Ok Guys, I was diagnosed in January and have just been getting the hang of everything since. Recently I have felt the urge to raise awareness, as I was misdiagnosed for 18 years and inaccurately "tested" for celiac disease three times (including an endoscopy without a single biopsy). So my first plan of action was to write to previous docs. Several of you have mentioned doing this, but my biggest fear is coming off too strong or even rude, and not using the opportunity to open their minds. What can you suggest?

Also I wanted to distribute some pamphlets or information flyers to my local clynic and hospital and wondered if anyone knew a good source to obtain these?

Thanks so much, even though I haven't been active on the boards yet, justing reading all your previous posts has helped me a ton.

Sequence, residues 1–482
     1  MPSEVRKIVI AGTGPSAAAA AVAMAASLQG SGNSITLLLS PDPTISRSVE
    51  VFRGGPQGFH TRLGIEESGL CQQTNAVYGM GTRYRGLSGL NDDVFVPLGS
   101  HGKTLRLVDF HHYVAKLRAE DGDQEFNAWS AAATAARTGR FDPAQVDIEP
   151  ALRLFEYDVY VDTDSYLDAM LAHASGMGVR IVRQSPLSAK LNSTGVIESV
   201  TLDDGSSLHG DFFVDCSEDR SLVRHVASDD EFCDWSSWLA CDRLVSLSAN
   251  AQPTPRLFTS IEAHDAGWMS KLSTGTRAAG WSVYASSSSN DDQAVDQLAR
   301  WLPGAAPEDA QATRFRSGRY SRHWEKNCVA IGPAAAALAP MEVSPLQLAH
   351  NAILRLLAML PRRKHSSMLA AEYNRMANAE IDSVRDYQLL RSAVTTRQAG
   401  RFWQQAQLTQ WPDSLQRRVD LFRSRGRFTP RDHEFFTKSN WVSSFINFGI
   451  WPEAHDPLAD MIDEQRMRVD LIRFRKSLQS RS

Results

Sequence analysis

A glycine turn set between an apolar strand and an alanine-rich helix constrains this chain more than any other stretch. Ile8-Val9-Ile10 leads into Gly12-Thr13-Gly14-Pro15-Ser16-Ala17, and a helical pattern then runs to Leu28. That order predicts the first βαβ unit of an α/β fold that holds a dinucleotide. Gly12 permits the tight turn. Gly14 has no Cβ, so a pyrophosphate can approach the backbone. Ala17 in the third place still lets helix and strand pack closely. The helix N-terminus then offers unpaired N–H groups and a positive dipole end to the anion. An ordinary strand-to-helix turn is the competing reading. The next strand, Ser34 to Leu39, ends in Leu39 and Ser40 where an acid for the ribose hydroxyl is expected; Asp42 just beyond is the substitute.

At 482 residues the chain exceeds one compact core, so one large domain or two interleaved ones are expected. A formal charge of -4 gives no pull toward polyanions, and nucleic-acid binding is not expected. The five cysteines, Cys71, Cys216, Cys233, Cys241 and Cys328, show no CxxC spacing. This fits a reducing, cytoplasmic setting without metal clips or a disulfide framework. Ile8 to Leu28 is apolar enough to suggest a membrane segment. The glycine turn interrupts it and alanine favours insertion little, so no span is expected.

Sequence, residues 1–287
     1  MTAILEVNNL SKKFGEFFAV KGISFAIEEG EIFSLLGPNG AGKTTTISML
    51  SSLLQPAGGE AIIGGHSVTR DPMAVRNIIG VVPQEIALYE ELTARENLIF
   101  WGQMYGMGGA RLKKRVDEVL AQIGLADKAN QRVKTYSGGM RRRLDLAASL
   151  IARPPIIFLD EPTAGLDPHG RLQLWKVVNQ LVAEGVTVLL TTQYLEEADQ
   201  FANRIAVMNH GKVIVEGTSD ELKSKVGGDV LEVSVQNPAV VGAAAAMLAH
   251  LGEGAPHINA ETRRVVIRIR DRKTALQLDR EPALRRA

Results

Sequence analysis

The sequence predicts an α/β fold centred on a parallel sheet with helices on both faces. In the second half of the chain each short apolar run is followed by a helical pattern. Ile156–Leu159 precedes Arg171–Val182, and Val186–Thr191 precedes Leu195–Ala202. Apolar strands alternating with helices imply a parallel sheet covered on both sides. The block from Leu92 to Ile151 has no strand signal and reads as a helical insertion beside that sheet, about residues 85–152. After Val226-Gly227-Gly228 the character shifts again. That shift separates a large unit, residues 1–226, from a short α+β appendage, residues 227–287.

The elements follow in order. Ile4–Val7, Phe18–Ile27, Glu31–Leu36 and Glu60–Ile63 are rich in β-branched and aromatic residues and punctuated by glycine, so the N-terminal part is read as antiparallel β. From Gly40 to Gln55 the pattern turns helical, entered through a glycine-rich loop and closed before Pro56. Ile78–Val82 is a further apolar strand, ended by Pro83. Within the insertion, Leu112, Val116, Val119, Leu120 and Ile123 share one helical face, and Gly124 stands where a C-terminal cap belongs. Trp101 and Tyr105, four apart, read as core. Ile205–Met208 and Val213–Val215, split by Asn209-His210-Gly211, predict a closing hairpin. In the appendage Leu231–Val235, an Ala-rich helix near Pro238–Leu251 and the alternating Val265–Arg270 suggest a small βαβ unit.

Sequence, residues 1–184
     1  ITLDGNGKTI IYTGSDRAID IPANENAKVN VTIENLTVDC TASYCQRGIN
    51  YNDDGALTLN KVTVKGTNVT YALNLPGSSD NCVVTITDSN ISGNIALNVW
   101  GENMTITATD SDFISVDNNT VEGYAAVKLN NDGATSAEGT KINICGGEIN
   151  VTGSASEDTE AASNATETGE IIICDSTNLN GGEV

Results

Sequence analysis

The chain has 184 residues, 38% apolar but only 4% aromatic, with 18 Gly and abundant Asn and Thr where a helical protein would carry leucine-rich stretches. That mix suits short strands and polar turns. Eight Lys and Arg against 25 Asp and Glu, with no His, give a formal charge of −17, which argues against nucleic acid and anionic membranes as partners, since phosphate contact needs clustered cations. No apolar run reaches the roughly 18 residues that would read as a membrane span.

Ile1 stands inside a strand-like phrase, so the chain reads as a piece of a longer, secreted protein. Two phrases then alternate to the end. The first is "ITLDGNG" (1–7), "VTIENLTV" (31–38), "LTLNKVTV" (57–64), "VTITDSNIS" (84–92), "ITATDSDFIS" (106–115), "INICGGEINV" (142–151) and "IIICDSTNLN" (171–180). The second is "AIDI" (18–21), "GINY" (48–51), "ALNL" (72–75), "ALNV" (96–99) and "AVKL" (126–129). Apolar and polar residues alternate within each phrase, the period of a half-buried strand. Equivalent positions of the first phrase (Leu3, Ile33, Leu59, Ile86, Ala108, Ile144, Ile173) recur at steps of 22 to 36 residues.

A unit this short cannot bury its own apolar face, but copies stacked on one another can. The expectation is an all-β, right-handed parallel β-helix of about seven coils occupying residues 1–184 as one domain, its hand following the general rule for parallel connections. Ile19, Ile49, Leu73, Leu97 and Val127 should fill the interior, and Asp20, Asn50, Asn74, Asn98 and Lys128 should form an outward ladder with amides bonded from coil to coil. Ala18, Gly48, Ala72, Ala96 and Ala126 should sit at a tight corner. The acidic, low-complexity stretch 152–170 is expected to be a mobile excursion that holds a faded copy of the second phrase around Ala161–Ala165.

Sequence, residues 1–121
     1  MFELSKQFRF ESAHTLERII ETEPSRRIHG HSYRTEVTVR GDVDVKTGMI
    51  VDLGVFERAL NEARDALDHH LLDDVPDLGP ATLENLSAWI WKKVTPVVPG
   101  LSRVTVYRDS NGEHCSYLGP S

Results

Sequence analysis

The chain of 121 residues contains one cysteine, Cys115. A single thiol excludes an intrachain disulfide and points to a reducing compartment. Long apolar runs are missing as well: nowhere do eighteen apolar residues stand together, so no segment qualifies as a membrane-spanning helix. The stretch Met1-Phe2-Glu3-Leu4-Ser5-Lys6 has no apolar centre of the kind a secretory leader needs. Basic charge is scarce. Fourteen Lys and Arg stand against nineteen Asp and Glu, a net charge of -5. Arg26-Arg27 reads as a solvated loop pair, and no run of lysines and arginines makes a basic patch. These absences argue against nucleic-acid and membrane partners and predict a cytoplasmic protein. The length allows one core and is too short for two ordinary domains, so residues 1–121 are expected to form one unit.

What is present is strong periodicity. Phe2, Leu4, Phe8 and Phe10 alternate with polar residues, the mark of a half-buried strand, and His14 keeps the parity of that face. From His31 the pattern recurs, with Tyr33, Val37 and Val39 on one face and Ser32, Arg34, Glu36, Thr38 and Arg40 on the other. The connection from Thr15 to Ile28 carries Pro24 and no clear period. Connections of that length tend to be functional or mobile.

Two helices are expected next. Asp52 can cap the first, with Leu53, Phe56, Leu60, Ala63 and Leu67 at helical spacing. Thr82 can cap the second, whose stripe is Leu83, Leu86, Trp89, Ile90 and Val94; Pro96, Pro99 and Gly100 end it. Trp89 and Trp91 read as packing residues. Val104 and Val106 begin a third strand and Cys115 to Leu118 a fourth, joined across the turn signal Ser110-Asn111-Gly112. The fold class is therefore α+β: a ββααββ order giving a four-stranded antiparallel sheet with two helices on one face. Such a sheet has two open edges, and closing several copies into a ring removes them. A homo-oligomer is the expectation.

Megan
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#28 debmidge

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Posted 01 July 2005 - 02:26 AM

I go in spurts on this. This is a topic that I am not shy to talk about; it's just the time and place sometimes don't lend themselves to the opportunity.

I purchased the celiac "living a full life" from the offical org and I give them out (sometimes I make editorial comments in the margins or yellow highlighter) ; I leave them in all waiting rooms of the medical variety (dentist, primary doctor, ob/gyn, x-ray lab, blood lab etc. ) and hair salon too. Sometimes I put a label on it with a typed note "DO NOT THROW AWAY - WAITING ROOM COPY" as these booklets are .50 each and can get pricey if I have to keep replacing the copy.